Thursday, 25 August 2011

New media element APIs and better media seeking resolution

French intern Paul Adenot has recently implemented the seekable and played attributes on the HTML5 video and audio elements in Firefox. The seekable attribute enables script to see what regions of the media can be seeked into (particularly handy with live streams), and the played attribute enables script to see what regions of the media has already been played. Paul has also done some work improving the built in controls on media elements. Thanks for your hard work Paul! These should be available in release builds in November (Firefox 8).

Also in Firefox 8 are my changes to media seeking resolution. Now media seeking should be accurate to the nearest microsecond. It's been reported elsewhere how important accurate seeking for video is. We were previously accurate to the nearest video frame, but we could still be up to one audio packet off (often between 4 and 8 ms out). Now we prune audio samples when seeking so we're down to microsecond resolution.

Wednesday, 3 August 2011

Simple rate limited HTTP server for testing HTML5 media/streaming

While working on the Firefox HTML5 video and audio support, I've found it extremely useful to have an HTTP server on which the transfer rate is reliably limited. Existing servers are either too heavy weight, like apache, or have inconsistent rate-limiting, like lighttpd which I found to have very "bursty" rate limiting.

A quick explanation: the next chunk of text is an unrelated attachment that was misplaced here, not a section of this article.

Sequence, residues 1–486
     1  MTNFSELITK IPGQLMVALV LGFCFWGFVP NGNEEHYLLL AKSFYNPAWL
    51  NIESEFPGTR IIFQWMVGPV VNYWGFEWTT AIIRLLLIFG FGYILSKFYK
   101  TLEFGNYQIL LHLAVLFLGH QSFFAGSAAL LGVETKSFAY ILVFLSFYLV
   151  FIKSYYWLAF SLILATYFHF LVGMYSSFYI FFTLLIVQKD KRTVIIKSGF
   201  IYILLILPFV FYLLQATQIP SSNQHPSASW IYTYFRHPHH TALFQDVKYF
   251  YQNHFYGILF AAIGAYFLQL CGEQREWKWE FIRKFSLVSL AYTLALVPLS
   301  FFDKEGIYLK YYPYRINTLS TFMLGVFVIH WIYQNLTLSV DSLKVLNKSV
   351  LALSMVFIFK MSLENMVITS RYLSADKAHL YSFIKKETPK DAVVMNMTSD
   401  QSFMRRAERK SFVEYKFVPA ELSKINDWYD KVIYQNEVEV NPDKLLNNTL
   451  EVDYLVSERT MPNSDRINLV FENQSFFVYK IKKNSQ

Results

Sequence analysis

I ended up taking the educational route, and implementing a simple HTTP server in C++. It supports the following features:

  1. Support for HTTP1.1 Byte Range Requests. This means you can seek into unbuffered data when watching HTML5 video.
  2. Rate limiting, configurable on a per request basis by passing the "rate=x" HTTP query parameter, where x is the transfer rate of the connection in kilobytes per second. The server will send x/10 KB ten times per second to maintain this rate smoothly.
  3. Simulated live streaming, configurable on a request basis by passing the "live" query parameter. When in "live" mode, no Content-Length header is sent, and the server doesn't advertise or perform byte range requests - so you can't seek into unbuffered video/audio, just like in a live stream.
  4. Cross platform; tested on Windows (runs on port 80) and Linux (runs on port 8080). I haven't test it on MacOS yet.
  5. Simply serves all files in the program's working directory, making it easy to use (and abuse).
  6. Open source! Get the code at, or download a pre-built win32 binary.
For example, if you wanted to simulate a live stream being served at 100KB/s, your test URL might look something like http://localhost:80/video.ogg?rate=100&live.

I've been using it for quite a while, and over the weekend I finally cleaned it up and put it up on GitHub. Check it out.